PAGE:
As the center of a state, especially in central Sudan, became Islamized, this also helped to make the religious dimension prominent. A contribution to religious contradictions was also a favor of Muslims, also among the local population in the south. The conflict in Darfur is the result of an attitude and policy where “Arab” groups have advocated expelling “Africans” from the area. This also shows that the ethnic dimension outweighs the religious, all the while the victims of the government and government-backed militias in Darfur are also Muslims. Paradoxically, the Arabic term Bilal al-Sudan, from which the country has taken its name, means “the land of the blacks.” At the intersection of partly Arab North Africa and “black” sub-Saharan Africa, there is also a political dimension to Sudan’s regional affiliation; where the “Arab” north wants affiliation north, while the “African” south wants to associate south. Much of the national conflict in Sudan thus has to do with identity, linked to historical political and social power relations, roles and beliefs, as well as religion and culture.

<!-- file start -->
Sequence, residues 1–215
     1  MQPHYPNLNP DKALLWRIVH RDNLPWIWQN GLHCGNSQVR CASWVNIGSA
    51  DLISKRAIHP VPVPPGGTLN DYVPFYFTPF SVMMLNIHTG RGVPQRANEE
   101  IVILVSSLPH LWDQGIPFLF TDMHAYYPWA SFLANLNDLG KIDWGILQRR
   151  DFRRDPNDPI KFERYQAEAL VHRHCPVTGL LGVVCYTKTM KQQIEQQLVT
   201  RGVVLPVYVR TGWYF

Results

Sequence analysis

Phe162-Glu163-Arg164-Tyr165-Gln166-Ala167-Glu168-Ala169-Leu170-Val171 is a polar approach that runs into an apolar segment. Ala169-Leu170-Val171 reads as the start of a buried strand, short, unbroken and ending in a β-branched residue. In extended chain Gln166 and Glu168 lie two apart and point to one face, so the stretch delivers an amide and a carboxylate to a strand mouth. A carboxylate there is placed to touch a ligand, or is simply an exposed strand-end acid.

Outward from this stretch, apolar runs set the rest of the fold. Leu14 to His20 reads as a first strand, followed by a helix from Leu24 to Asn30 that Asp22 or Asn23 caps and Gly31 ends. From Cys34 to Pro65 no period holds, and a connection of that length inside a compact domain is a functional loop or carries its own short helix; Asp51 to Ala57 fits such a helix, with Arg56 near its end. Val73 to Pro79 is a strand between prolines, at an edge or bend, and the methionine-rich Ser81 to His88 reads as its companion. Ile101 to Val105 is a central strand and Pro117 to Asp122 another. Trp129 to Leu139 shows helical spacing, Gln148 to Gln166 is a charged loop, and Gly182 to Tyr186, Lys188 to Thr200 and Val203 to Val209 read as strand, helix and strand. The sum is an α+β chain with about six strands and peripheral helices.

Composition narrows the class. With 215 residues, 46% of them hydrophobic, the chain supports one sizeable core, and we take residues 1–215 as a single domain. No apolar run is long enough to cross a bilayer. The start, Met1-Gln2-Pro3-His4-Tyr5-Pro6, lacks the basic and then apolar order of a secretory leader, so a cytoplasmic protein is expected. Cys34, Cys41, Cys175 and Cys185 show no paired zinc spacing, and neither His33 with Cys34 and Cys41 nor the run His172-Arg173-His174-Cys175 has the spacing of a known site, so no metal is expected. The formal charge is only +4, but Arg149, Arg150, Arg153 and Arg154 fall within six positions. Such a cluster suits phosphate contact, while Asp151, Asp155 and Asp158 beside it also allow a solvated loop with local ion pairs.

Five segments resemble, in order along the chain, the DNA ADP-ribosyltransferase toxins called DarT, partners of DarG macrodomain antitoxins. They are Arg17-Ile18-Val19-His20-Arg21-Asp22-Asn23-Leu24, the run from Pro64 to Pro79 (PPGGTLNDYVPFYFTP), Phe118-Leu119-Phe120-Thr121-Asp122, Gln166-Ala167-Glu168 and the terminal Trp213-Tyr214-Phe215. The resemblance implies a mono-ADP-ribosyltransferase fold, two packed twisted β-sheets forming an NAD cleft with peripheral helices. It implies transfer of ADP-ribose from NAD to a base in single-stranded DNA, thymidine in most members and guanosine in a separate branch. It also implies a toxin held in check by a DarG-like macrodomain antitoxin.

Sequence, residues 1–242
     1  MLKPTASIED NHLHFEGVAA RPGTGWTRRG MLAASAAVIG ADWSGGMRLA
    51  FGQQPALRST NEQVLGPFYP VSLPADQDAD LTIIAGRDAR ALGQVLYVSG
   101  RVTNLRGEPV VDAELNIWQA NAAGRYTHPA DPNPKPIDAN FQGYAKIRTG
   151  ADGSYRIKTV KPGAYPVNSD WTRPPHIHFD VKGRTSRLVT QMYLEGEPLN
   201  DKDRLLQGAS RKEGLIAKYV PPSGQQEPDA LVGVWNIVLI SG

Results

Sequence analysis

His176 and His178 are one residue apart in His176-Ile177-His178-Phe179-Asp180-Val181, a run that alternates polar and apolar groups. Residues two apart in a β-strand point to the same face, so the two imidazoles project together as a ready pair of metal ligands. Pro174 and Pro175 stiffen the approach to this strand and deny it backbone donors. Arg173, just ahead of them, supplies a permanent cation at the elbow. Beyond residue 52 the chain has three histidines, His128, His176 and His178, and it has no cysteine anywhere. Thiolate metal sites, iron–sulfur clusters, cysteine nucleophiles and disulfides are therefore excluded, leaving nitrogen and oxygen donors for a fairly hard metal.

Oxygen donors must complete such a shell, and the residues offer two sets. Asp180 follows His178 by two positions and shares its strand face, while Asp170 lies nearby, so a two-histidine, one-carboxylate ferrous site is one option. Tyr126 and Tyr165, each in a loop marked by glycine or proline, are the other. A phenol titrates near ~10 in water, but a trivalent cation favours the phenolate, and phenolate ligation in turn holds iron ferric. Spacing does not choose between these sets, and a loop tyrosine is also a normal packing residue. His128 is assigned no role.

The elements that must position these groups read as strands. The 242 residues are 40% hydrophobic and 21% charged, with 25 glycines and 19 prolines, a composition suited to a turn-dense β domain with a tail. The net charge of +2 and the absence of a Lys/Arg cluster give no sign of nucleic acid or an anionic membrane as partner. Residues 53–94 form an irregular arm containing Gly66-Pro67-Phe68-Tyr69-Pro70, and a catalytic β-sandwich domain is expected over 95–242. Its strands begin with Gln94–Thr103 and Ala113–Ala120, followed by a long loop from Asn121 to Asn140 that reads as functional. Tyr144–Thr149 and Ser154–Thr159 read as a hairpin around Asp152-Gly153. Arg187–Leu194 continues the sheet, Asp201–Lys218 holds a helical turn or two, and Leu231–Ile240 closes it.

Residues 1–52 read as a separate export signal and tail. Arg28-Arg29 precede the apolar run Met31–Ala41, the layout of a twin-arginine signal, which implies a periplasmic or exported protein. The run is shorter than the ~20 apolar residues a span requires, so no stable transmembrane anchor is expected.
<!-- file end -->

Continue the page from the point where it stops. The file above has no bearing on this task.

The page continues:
A clear distinction between northern and southern Sudan came only after the territories were brought together during a state formation, that is, under Egyptian-British rule – and especially from the mid-19th century. Oppositions were reinforced early on when South Sudan imposed taxes to fund the central administration in the north. The order was met with military resistance. Commercial interests had widespread power and even carried out military actions to acquire slaves. In South Sudan, this activity was at its most extensive in the 1870s, due to an increased need for manpower for cotton growing, among other things.